Japanese who have shared in mourning for months boisterously cheered a Women's World Cup victory that briefly put aside the long and uncertain recovery from the earthquake, tsunami and nuclear disaster.
Fans decked out in the national team's dark blue uniforms hugged and sang in Tokyo as they watched their team lift the winner's trophy on live broadcasts from Frankfurt, Germany.
"This is a chance to forget the nuclear disaster and everything else, to just to unite and celebrate," said Toru Komatsu, 22.
Prime Minister Naoto Kan called the victory the "greatest gift" to the nation, especially to the residents of the northeast coast most devastated by the March 11 disaster. The earthquake and tsunami left nearly 23,000 people dead or missing and caused partial meltdowns at a nuclear power plant.
"(The team) gave courage for everyone by showing a diehard match even when they were on the back foot," Kan said in the statement.
Japan became the first Asian nation to win the Women's World Cup, beating the U.S., 3-1, in a shoot-out Sunday after a 2-2 draw. The team, tiny in stature compared with the Americans, fell behind twice but battled back both times, its final tying goal coming with three minutes left in extra time.
Japan's players used the disasters as motivation, looking at pictures of the devastation from their homeland before some matches. The team displayed a banner reading "To our Friends Around the World -- Thank You for Your Support" before the final.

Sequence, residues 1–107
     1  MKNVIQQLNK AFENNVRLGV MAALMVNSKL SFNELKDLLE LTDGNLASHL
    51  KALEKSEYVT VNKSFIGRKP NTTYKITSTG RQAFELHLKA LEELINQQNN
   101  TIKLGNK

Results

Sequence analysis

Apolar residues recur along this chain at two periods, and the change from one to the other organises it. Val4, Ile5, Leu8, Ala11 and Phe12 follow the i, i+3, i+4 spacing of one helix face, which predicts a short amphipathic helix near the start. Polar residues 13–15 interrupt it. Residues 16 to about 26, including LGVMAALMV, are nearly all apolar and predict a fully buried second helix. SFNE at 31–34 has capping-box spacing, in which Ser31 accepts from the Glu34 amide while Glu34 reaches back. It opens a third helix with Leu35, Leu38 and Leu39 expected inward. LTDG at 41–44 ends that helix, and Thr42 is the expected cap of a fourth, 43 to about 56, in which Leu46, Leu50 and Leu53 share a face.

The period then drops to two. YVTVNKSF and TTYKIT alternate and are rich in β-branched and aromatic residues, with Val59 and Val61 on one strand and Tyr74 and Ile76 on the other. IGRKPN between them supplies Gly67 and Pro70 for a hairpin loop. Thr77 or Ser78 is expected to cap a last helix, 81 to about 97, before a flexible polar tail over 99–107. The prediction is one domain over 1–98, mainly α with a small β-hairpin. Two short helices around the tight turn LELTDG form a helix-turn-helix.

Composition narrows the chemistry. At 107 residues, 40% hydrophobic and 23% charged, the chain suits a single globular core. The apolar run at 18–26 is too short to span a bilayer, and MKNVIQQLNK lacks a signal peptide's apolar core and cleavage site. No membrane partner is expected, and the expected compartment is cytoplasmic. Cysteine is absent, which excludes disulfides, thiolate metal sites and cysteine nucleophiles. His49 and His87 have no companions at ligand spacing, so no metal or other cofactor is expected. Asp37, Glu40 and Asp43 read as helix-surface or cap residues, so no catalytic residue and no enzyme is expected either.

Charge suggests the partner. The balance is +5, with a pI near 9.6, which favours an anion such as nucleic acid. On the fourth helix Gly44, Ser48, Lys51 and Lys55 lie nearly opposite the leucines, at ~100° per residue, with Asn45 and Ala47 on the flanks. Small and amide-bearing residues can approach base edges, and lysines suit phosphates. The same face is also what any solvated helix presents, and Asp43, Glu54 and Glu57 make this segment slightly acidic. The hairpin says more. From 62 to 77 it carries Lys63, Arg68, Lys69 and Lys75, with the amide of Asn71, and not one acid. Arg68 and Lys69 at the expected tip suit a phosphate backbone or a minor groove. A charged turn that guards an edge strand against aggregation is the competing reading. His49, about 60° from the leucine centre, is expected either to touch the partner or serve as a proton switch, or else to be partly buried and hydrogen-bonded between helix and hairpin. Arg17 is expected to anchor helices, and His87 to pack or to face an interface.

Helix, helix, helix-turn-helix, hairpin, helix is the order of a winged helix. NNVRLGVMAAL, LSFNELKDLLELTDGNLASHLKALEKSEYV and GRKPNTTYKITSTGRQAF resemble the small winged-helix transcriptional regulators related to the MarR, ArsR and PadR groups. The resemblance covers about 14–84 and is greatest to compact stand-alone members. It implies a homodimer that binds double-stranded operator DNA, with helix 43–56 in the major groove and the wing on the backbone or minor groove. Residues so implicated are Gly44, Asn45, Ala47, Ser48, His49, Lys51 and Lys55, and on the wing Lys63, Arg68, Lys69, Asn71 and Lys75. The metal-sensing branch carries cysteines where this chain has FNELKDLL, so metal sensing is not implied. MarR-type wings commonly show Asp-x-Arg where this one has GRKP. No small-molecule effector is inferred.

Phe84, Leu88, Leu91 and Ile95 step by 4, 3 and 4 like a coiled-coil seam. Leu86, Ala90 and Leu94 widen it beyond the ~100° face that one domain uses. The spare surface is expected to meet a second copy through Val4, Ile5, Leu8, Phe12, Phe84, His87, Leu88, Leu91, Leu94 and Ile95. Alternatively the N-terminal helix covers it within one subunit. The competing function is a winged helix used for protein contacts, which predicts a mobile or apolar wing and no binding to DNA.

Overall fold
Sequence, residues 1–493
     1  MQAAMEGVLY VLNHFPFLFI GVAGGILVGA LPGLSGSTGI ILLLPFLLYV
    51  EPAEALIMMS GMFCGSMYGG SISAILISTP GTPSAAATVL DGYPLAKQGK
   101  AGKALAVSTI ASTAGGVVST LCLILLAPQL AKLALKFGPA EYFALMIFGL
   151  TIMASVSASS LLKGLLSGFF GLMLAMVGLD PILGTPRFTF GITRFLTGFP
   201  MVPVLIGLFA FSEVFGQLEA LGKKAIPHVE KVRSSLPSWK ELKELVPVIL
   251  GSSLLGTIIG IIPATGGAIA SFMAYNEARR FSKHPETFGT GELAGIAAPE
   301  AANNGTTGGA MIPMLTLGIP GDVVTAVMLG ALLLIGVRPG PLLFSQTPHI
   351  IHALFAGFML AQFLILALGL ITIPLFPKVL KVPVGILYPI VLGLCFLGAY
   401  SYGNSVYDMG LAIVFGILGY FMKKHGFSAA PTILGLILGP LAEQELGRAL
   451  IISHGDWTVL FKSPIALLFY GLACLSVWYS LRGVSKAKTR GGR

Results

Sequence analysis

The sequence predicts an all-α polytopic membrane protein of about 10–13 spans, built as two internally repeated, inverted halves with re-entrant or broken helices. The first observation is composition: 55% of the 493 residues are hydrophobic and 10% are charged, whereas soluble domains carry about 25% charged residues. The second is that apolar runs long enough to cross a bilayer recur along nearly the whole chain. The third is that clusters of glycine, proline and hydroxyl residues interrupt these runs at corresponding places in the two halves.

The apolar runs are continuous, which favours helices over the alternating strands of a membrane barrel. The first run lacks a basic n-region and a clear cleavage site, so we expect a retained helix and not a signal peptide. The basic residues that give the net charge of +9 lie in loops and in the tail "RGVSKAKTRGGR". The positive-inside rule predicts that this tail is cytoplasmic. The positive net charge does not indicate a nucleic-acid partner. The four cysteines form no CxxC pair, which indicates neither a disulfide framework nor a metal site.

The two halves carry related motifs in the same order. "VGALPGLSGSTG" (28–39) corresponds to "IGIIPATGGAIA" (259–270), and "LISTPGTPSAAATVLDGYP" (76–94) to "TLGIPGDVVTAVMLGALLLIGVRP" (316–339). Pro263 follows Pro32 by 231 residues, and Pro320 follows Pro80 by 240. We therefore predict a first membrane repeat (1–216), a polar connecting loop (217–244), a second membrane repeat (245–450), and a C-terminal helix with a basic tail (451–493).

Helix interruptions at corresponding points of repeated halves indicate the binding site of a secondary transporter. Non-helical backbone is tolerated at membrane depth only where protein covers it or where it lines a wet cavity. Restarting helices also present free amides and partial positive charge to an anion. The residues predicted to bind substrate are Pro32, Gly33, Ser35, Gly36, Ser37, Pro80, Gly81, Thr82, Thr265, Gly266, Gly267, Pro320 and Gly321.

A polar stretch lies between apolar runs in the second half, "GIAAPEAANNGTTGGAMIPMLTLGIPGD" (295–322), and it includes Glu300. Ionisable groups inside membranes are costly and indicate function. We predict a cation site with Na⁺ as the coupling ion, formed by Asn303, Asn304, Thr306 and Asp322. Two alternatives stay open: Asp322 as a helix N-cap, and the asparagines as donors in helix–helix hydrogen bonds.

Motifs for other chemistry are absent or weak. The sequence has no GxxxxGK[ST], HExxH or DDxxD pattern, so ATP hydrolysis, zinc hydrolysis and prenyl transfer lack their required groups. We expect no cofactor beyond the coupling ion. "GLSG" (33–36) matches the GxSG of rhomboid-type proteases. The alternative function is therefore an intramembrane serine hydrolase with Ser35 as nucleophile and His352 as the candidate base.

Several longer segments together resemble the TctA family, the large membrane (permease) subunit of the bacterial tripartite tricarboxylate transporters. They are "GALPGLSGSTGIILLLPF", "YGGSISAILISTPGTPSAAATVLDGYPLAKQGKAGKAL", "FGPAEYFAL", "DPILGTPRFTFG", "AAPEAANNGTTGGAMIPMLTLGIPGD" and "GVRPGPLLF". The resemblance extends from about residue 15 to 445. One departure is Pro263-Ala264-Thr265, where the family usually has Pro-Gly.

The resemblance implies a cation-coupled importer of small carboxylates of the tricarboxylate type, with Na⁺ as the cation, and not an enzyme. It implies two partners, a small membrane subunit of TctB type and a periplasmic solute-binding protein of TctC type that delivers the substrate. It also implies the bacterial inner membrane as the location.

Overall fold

Kan noted the team carried the thoughts of the Japanese people in the banner. "As the prime minister, and as one Japanese citizen, I will express my heartfelt gratitude," he said.
The team returns home today and is scheduled to meet with Kan.
Bars and restaurants that showed the game in Tokyo were packed for the kickoff at 3:45 a.m. local time Monday -- a national holiday. At some venues, dozens of fans stood outside and peered in through the windows.
Afterward, some chanting fans spilled into the streets. Police kept a small group of celebrants from wandering into traffic in Shibuya, a neighborhood known for its youth pop culture.
Japan's national newspapers printed special editions that were handed out Monday morning, while game highlights replayed constantly on TV.
The women's team, long an afterthought to the men's squad, increasingly received attention from as it progressed through the tournament, making up for its size with pinpoint passing and a gritty defense.
The women's team goes by the name "Nadeshiko," after a mountain flower thought to be a symbol of femininity in traditional Japanese culture.
The victory came against a backdrop of concern about the crippled nuclear power plant run by Tokyo Electric Power Co., which has leaked radiation into the sea and surrounding areas.
Several team members played for the former professional team sponsored by TEPCP and at least one worked at the plant before the disaster.
But the football triumph provided at least a brief respite Monday morning.
"It has been so scary with the earthquake and everything," said 22-year-old Miaki Tomiyama. "The team has given us happiness."